Spelt White Sourdough
July 9, 2011
After Benedict's previous loaf and my own row of spelt loaves, we both wondered if the dough might benefit from a very short bulk fermentation and an extended retarding period in the fridge. This loaf reflects that (though the extended retarding was longer than intended)
[250W - 250SP - 235LE - 350WA] autolyse 20 min (1840-1900)
[50WA - 10SA] bulk ferment 1 hr, stretch and fold twice (1900-2000)
retard 23:30 (2000-1930)
As always, I used quite hot water to start my dough - the spelt reacted quicker than I thought, as it was quite silky and stretchy even after the first mixing (@1900). At the next two half hour intervals, the dough built even more elasticity and congealed well but did not build any significant tension, it seemed - i.e. it got really smooth and stretchy but not very rubbery. I placed it in a loaf tin after only one hour and skipped the bench rest because I figured it did not have enough tension to hold anyway and planned on a long retarding period. The dough looked surprisingly tense when I transferred it into the loaf tin.
I didn't intend to retard it for almost a full day, but it ended up that way for a few different reasons. I think this was probably a bit too long. I baked it free form after very little shaping since the dough was still cold and quite firm. Made a feeble attempt at long and gorgeous slashes that didn't open up and weren't particularly gorgeous. As usual, baking time was 1:20, and I sprayed the loaf and steamed the oven at the outset.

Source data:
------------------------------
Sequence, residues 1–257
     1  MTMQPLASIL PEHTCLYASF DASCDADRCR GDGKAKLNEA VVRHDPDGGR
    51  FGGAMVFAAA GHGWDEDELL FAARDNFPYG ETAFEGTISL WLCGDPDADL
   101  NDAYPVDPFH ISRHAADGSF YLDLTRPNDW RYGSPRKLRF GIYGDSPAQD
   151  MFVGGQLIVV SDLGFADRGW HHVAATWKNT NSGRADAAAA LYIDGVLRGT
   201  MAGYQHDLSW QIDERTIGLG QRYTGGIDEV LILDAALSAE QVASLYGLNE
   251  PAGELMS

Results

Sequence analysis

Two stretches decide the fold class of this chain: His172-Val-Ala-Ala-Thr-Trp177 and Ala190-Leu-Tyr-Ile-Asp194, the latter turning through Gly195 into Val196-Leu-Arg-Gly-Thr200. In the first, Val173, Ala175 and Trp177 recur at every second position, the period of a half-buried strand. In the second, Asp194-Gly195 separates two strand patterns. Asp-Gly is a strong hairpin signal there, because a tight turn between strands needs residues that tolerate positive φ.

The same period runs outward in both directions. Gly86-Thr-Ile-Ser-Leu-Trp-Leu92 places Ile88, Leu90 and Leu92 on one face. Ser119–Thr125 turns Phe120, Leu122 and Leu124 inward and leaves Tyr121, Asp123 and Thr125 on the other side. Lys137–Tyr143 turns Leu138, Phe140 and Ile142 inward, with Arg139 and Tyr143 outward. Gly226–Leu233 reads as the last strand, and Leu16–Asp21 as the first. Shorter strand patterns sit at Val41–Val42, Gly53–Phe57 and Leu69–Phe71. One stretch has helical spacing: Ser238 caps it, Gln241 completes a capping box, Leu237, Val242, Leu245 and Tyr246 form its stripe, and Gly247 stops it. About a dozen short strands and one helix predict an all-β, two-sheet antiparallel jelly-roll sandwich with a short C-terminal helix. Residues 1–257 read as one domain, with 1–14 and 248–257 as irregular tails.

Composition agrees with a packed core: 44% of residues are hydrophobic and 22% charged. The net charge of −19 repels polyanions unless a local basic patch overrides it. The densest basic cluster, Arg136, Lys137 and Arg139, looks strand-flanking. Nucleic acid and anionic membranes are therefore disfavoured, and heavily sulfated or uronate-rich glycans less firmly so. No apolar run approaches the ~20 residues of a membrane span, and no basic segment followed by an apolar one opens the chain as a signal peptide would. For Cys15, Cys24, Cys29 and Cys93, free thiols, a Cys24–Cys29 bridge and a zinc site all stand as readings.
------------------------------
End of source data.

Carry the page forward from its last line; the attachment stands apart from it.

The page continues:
The taste of this loaf was more or less identical to 040, which used the same ingredient ratios. However, I wasn't able to get the texture that I really wanted out of this. Initially I was disappointed because there wasn't much oven spring and the structure of the crumb wasn't very open (likely due to the over-retardation?) and the slashes not opening up very well. But the more I ate it, the more I enjoyed the moisture and texture of the bread. Not what I wanted, but decent; the crumb was not too dense or chewy and the crust had a really nice and deep flavor. What I can't shake, though, is the strange taste that reminds me of rice flour that I get whenever I bake with spelt. I don't think I've mentioned it in my notes thus far, but it's always been there. Must be the taste of the spelt itself. On my next loaf I'll use less spelt and pay more attention to the fermentation times to see what results I can produce. Back to the books indeed.
Submitted to Yeastspotting